Oxford American Pocket Notes Postoperative Ileus

Oxford American Pocket Notes Postoperative Ileus

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Ileus is a general functional inhibition of the propulsive bowel activity in the absence of mechanical bowel obstruction. Postoperative ileus (POI) is a more specific condition which is a transient cessation of coordinated bowel motility after surgery, preventing effective transit of intestinal content. Depending on the type of surgery, and especially when the bowels are involved in the surgery, the incidence can be high, affecting 4 to 20 percent of abdominal surgery patients. Typically, in the small intestine, it can last up to 24 hours; in the stomach, between 24 and 48 hours; and in the colon, between 48 and 120 hours. During this time, the patient is prohibited from eating and drinking, often requiring nasogastric suction and parenteral feeds until passage is restored. Until then, the patient cannot be discharged from the hospital. POI is the most common reason for delays in discharge after abdominal surgery and can greatly increase the cost of healthcare. It is estimated that the healthcare costs as a result of complications of postoperative ileus may be as high as one billion dollars per year.Though there is some available literature on POI, there is a dearth in new, up-to-date information on the latest management trends and emerging pharmacological therapies.
Accelerating recovery of gastrointestinal function improves clinical outcomes, enhances patient comfort, and has a positive economical effect in that it shortens the length of hospital stay and reduces hospital cost. Treatment options include pharmacological as well as non-pharmacological approaches, specifically epidural anesthesia and traditional, non-steroidal, anti-inflammatory drugs, as well as other opioid sparing analgesics. Part of the new Oxford American Pocket Notes series, this very concise guide presents a brief overview of the diagnosis, prevention, and management of postoperative ileus. A valuable resource in the hospital setting for surgeons, anesthesiologists, gastroenterologists, OB/GYNs, pharmacists, physician assistants, nurse practitioners, recovery nurses and other members of the hospital staff, this practical, up-to-date volume includes sections on the pathophysiology and clinical features of POI as well as on traditional and emerging therapies.Uniquely compact and affordable, this book provides helpful guidelines for fast track recovery in the hospital setting. In addition, it includes sections on differential diagnosis and non-pharmacological treatments.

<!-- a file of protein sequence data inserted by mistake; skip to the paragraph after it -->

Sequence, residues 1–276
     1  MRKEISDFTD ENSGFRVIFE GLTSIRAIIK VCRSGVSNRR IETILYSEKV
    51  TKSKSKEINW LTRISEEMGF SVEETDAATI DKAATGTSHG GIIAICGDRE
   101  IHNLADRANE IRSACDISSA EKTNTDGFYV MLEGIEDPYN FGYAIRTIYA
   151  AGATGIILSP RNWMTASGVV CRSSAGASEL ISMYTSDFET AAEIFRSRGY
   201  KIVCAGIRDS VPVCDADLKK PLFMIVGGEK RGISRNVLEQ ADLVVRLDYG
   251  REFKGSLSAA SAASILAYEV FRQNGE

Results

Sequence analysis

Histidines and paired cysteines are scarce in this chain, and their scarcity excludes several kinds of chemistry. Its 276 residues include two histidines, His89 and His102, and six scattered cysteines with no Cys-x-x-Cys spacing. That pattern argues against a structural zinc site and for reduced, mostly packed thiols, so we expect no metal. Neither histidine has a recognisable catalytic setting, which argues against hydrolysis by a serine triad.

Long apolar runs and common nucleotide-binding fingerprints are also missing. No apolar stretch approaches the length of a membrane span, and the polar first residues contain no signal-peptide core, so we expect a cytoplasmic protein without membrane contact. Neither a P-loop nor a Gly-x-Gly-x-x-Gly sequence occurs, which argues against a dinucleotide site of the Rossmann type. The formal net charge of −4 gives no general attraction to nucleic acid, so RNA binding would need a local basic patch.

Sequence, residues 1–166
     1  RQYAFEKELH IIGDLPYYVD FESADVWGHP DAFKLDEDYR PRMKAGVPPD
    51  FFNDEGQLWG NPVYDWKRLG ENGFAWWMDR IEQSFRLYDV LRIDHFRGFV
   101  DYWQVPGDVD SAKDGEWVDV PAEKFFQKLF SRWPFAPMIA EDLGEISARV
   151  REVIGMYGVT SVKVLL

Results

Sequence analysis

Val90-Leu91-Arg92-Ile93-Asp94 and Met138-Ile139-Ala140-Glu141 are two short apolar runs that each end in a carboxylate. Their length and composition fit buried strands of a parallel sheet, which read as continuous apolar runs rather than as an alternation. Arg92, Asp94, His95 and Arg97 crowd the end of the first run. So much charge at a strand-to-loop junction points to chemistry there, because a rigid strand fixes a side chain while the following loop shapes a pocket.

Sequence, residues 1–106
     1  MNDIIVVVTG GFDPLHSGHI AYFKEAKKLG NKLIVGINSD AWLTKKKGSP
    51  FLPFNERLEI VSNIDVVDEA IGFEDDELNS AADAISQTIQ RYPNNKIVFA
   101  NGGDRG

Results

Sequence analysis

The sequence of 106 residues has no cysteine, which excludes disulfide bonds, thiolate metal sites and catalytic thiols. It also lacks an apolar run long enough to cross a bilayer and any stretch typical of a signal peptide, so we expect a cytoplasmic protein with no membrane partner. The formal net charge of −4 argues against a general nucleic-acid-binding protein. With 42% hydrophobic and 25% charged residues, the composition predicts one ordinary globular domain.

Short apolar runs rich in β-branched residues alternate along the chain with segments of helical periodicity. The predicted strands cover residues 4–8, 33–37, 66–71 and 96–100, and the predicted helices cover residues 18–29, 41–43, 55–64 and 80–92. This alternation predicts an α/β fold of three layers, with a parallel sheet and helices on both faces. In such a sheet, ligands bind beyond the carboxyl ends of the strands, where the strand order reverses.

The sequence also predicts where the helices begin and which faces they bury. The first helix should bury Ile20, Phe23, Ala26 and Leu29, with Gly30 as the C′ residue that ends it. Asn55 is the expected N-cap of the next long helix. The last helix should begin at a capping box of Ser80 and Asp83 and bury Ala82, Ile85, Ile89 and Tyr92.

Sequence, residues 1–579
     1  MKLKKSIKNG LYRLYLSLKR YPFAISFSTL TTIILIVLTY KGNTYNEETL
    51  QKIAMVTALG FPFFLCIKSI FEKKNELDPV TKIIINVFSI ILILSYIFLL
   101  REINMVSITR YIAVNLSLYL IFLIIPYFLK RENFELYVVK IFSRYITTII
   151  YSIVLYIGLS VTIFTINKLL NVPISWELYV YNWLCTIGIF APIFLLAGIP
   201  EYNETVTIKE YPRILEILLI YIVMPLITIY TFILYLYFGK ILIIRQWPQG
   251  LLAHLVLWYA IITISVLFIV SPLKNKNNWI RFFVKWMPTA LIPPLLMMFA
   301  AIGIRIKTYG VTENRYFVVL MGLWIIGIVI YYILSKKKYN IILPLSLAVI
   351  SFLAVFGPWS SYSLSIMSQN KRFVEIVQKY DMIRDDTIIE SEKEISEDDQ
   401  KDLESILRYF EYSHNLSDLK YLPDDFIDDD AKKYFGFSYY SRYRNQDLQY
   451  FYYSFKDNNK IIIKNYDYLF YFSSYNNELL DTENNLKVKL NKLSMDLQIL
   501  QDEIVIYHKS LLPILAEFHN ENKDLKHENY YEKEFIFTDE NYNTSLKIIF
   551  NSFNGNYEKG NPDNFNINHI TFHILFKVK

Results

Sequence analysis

Helpful aids, such as patient assessment tools, medication tables, and illustrations will provide easily accessible insights.
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Product details

  • Spiral bound | 32 pages
  • Oxford University Press Inc
  • New York, United States
  • English
  • 0195384466
  • 9780195384468

Table of contents

1. Introduction; a. Definition; b. Prevalence of POI; c. Economic Burden in the Hospital Setting; d. Risk factors; 2. Causes and Pathophysiology; a. Activation of inhibitory spinal reflex arcs; b. The surgical stress response; c. Generation of endocrine and inflammatory mediators; d. Surgical manipulation of the bowel; e. Stimulation of opioid receptors; 3. Diagnosis and Clinical Features; a. Typical symptoms; b. Physical signs; c. Radiography, contrast and CT scan, endoscopy, blood tests; d. Differential diagnosis (ruling out bowel obstruction, sepsis and Ogilvie syndrome (pseudo-obstruction)); 4. Prevention of POI - Peri-operative; a. nasogastic intubation (NGI); b. fluid administration- goal directed, fluid restriction, type of fluid; c. surgical technique - laparoscopic; d. prokinetic agents; e. anesthetic techniques: GA vs epidural; f. anesthetic drugs; g. psychological; 5. Current Pharmacological Options for Treatment and Management of POI; a. NSAIDS, other anti-inflammatory agents; b. Symptom relief with hydration and nasogastric tubes; c. Prokinetic agents (cisapride, erythromycin, and metoclopramide); d. Laxatives; e. Mu-opioid antagonists (naloxone, natrexone and nalmefene); f. anticholinergic or cholinergic drugs; 6. Emerging Pharmacotherapies in POI; a. Peripherally-acting mu-opioid antagonists: -alvimopan -methylnaltrexone; 7. Non-pharmocological therapies; a. Diet; b. Physical activity; c. fast track recovery protocol; 8. Conclusion; 9. Further considerations and additional resources for clinicans and patients
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